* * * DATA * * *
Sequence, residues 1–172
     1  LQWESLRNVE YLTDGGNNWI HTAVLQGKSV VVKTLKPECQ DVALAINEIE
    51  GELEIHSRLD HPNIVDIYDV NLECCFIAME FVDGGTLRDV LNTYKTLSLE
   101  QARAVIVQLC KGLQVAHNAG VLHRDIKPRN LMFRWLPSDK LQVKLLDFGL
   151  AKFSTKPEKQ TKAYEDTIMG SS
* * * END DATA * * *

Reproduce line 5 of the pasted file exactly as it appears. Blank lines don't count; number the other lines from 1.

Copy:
   151  AKFSTKPEKQ TKAYEDTIMG SS